When I take my Honda to Sunwest Honda in Newport for repairs, I plan for a long sit in the waiting room. I bring a book to read and work to do. I have written poems, researched articles, and caught up with my emails in that little room with the leather sofas, coffee machine, TV, and racks of brochures. Stranded without my car, I turn Sunwest into my office away from home. If one or two other people are there, it doesn’t matter. They barely look up from their phones. We mind our own business.
Not this time. When I took my aging Honda Element in on Friday to see why it was getting more and more difficult to start, I walked into a party. Five women, a man, and two toddlers filled the room. I squeezed into the only seat left as the little girl said “Hi!” and the boy showed me the magazine he was mangling. The children talked to everyone, so the grownups talked to each other.
I considered the work I had hoped to get done and scolded myself: You’re always complaining about being lonely. You are surrounded by people here. Enjoy it.
“Looks like Sunwest is going to make a lot of money today,” I said. The adults laughed. The kids were busy crawling up and down the furniture and grabbing brochures off the rack.
Soon I knew that one woman worked at the Dollar Tree and had six grandchildren, that two of them were waiting for oil changes and two had lived in Colorado, where smog checks are mandatory (they’re not in Oregon). We learned that all of us hate keyless ignitions and none of us are ready for electric cars. The Dollar Tree lady doesn’t have a smartphone and doesn’t do email. But she talks to everyone she meets.
One by one, the service manager called people by name as their cars were ready. With each departure, we said goodbye like old friends.
I was the last one. I paced around the room, walked through the showroom where one red truck was parked, and looked out the window at the rain on the empty lot until I finally heard “Mrs. Lick?”
The problem was the battery, years past its expected expiration date. $231. I paid and pet the dog hanging out with the staff, a gorgeous black and white male that smelled Annie on me and decided I was part of the family, too.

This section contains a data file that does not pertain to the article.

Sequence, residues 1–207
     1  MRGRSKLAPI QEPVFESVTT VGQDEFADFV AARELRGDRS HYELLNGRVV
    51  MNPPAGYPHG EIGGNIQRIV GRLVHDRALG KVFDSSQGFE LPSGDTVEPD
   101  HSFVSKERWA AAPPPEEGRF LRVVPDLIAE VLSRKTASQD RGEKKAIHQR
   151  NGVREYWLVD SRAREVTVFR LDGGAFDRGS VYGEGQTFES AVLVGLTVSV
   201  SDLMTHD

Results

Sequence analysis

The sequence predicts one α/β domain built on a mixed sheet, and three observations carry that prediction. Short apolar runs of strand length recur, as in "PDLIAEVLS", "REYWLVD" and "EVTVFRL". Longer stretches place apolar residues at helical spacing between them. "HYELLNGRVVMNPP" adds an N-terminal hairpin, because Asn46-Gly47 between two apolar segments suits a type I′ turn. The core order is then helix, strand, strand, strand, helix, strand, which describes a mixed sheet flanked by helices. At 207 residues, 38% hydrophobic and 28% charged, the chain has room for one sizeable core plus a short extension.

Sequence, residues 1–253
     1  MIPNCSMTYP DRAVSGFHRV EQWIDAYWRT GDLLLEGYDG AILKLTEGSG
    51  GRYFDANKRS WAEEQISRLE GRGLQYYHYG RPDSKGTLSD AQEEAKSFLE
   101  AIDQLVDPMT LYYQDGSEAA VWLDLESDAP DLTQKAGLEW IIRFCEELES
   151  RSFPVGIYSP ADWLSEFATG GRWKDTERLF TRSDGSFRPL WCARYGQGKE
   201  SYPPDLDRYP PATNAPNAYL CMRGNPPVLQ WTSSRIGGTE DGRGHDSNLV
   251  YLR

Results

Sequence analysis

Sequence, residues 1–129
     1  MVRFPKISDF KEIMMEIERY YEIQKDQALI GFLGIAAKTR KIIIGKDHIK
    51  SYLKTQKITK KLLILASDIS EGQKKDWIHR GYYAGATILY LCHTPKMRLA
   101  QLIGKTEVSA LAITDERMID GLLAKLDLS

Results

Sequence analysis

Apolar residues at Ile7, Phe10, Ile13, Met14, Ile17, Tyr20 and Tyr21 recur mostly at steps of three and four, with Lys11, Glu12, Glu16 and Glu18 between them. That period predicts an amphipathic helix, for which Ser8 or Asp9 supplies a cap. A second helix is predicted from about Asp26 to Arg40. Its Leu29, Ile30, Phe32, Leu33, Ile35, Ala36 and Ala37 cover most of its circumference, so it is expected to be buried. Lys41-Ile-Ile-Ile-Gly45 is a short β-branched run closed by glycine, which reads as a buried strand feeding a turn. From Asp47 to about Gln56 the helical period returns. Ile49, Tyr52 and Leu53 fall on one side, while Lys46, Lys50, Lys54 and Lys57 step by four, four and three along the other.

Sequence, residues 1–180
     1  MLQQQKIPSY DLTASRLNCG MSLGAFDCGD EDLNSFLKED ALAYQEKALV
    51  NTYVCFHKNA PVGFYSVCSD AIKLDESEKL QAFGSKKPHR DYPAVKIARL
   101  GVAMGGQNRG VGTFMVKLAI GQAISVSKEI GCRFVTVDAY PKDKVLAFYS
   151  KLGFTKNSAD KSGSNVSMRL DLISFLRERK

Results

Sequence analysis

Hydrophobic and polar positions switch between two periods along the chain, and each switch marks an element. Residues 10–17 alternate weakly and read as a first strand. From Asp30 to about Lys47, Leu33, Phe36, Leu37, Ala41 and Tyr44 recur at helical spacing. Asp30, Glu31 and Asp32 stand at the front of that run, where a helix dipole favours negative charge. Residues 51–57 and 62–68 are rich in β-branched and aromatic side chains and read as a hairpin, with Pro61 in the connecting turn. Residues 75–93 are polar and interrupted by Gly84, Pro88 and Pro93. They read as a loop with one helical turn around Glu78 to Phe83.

I remember the San Jose days of waiting in a long line of cars at dawn, handing my car over to a rude guy with a clipboard and going home because it would be a long time before they got to my vehicle. Not here. I made my appointment online, choosing to come at 10 a.m., and I was out the door in time for lunch. Plus I got to pet a dog. Small towns rock.
On my way out, I ran into a salesman. “When are you going to sell me a new car?” I asked.
His eyes lit up. “Are you looking for a car?”
I explained that I was kind of looking. I gestured to my 2008 Element with 144,700 miles and a new battery. I had planned to buy a new car a couple years ago, but with Covid, I wasn’t driving anywhere. Now people are traveling more despite Covid, but there are no new cars in the showroom or in the lot. “Supply chain” issues. The manufacturers can’t get the computer chips they need to make the cars. [Read: “The Car Market is Insane” ]
Selling cars must be a miserable job these days with everyone in crisis over Covid and inflation and no actual cars to sell. The salesman couldn’t just walk over to a shiny new sedan and say, “Well, this little beauty. . . ” or “Would you like to take a test drive?” He told me the process these days is to decide what you want and order it. They will call you when it comes in. Yes, but what if I hate it? What happened to kicking the tires and looking under the hood? I slid the guy’s card into my pocket and climbed into my dusty, dog–fur-coated Element.
I’ve got a new battery to wear out. No hurry buying a new car when I can party with the others keeping their old cars going.
Although there was hand sanitizer at the door, we weren’t wearing masks or talking about Covid. My arm was still hurting from my second booster shot. With luck, we’ve all had our shots, and they do their job.
The slogan at the entrances to Newport claims our town is “The Friendliest.” I agree. It is. But I’ll still bring my books just in case no one shows up.